SM arm lift

Would an arm lift help you?

SM arm liftAn arm lift (brachioplasty) removes loose skin and fat from the upper arm (often referred to as “bat-wings”). It ranks high on the wish list for many cosmetic¬† surgery patients who have lost large amounts of weight. It’s also popular with people who have heavy upper arms due to simple genetic factors. Loose skin hanging from the arms tends to make patients self-conscious and limits clothing options. It can even cause people to avoid certain activities, like swimming.

 Each patient is unique in terms of skin laxity and other factors. Patients may benefit from one or a combination of these arm lift techniques.

  1. Elbow to armpit: An incision from the fold of the elbow to the armpit can yield a dramatic improvement. This approach is frequently combined with liposuction to eliminate stubborn fat pockets and loose skin. Most arm lift candidates choose this method.
  2. Liposuction only: Patients with some skin elasticity remaining may opt for liposuction only. An advantage to this approach is that scarring is minimal. The right candidate can expect significant improvement, but not as dramatic as when skin is removed as well.
  3. Mini-arm lifts: A mini-arm lift is an option for patients with excess skin in the uppermost portion of the arm (near the armpit), and for those concerned about scarring. In this case, I make an incision in the armpit, sometimes extending a few centimetres down the arm.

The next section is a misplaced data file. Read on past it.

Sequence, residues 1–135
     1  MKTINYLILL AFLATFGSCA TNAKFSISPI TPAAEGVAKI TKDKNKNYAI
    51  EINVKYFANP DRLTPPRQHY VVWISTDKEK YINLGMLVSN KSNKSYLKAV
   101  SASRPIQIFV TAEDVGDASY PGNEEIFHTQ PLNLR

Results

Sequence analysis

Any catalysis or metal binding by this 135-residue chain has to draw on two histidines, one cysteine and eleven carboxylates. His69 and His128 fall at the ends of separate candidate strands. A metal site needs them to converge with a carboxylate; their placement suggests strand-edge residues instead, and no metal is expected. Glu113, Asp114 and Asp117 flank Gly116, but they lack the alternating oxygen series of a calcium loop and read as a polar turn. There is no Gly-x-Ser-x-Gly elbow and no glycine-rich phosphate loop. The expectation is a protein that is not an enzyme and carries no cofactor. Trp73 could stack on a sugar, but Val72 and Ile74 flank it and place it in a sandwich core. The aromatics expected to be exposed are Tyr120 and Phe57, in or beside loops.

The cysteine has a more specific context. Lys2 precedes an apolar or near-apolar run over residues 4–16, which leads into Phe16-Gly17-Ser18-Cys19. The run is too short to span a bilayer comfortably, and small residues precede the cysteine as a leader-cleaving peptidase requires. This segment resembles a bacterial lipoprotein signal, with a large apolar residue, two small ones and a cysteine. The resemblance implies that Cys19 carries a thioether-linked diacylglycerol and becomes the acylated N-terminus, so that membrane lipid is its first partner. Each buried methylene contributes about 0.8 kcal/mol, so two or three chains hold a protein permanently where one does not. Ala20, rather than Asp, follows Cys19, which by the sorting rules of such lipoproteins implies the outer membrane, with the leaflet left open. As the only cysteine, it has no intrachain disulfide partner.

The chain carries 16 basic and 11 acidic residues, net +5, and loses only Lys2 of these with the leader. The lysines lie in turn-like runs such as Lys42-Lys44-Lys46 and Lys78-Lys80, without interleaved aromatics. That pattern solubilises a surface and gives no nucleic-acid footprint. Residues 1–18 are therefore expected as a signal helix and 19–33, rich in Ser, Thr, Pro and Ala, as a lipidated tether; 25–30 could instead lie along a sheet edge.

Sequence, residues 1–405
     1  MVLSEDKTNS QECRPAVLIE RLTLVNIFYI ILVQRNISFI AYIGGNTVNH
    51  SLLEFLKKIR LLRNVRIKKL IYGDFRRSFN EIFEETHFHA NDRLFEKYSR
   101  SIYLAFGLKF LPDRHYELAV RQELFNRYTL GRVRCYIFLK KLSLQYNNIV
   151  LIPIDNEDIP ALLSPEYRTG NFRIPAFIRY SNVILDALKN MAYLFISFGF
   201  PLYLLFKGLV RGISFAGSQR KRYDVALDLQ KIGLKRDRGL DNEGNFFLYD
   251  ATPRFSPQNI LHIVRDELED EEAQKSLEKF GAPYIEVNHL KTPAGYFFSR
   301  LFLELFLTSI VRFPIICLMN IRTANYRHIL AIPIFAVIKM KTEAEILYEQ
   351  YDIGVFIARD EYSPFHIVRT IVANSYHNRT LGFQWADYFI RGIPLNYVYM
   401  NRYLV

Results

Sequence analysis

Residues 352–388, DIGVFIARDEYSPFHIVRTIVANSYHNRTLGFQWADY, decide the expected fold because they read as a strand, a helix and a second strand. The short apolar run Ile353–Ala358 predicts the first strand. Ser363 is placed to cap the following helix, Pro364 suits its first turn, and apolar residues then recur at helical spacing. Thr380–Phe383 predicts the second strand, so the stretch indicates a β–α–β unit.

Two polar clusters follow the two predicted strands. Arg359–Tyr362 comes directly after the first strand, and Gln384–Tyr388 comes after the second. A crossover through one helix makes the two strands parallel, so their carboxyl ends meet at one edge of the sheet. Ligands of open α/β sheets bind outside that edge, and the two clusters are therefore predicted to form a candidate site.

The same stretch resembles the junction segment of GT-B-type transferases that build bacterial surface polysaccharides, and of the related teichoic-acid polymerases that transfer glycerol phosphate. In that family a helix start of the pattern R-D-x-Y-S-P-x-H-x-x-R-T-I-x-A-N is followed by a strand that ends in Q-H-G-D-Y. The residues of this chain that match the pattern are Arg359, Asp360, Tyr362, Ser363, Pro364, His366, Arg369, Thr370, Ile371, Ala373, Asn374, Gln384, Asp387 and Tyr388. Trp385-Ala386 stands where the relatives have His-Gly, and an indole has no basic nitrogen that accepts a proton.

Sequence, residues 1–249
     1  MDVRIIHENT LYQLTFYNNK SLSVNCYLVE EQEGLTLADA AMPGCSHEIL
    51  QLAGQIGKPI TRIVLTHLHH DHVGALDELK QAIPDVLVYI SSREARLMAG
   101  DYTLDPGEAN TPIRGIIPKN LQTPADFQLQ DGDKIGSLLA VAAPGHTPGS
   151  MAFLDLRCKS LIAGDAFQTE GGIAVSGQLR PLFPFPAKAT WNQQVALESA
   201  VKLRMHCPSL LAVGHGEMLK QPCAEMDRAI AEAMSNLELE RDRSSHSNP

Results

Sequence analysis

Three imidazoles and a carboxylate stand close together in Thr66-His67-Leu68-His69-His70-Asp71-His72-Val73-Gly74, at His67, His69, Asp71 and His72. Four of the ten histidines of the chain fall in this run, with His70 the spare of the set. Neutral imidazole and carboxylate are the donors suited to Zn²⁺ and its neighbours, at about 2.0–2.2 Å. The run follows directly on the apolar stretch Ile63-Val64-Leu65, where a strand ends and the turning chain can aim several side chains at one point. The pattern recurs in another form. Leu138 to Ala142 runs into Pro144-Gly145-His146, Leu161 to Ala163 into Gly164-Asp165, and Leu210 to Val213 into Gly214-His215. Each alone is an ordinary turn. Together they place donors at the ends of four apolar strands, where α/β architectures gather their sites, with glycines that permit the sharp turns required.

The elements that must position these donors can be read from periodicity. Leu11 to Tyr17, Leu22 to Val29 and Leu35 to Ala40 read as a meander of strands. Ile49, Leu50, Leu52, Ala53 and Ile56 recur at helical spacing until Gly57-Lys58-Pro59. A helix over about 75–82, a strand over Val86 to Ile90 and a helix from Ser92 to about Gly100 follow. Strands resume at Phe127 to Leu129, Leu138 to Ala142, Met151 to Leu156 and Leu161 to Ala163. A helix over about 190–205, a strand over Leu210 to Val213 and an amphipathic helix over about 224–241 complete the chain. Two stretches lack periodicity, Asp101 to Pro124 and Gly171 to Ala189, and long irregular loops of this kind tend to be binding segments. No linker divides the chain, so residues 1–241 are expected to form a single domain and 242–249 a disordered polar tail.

4. Arm and armpits lifts: Upper arm skin is thin and sags over time. Some people lose so much elasticity that skin hangs down from their armpits as well, causing embarrassment and difficulty with clothing. These patients are candidates for a combination arm lift and armpit lift with incisions on the upper arm and in the armpit.
  5. Arm and elbow lift: A smaller group of patients (like the one in the photo above) have loose skin above and below the elbow. These patients benefit from an arm lift and an elbow lift. I take great care with the incision across the elbow to remove excess skin while preserving range of motion.

Candidates for arm lift are often weight loss patients who have shed considerable weight resulting in excess skin and stray fat deposits. Post-bariatric patients should be near their desired weight and well nourished. Patients with loose upper arms due to their genes and aging may also be interested in arm lift. For proper healing, it’s best not to smoke.

Most arm lift patients take a week off work to recover after surgery. They are encouraged to walk as soon as possible, gradually adding light activities over a few days and resuming full workouts and lifting within six weeks.

The risks of complications for arm lifts have been rare in my experience. These uncommon risks include infection, slow wound healing, bleeding, seroma (fluid collection) and venous blood clots. Even if a complication were to occur, diligent post-operative care would still likely lead to a nice result.

After all the effort you’ve put into losing those unwanted kilograms, you deserve to look your best. If you find loose/sagging skin in the arms troublesome, an arm lift may just be the answer you’re looking for.

Question: What features annoy you the most from having “bat wings”? You can leave a comment below.


  1. Jessika Styli

    The worst things about having batwings are:

    1.Not being able to wear short sleeve tops or singlets in summer
    2. Always wearing a cardigan or jacket over dresses, tops etc…
    3. Not being able to wave properly to someone because they keep jiggling
    4. Always being paranoid
    5. Not fitting into tips properly at the arms and having an arm feeling of suffocation
    6. Not being able to wear a swimming costume or strapless top etc..

  2. Rory

    Is an arm lift a suitable procedure for a patient who has had breast cancer? I read somewhere that it is not.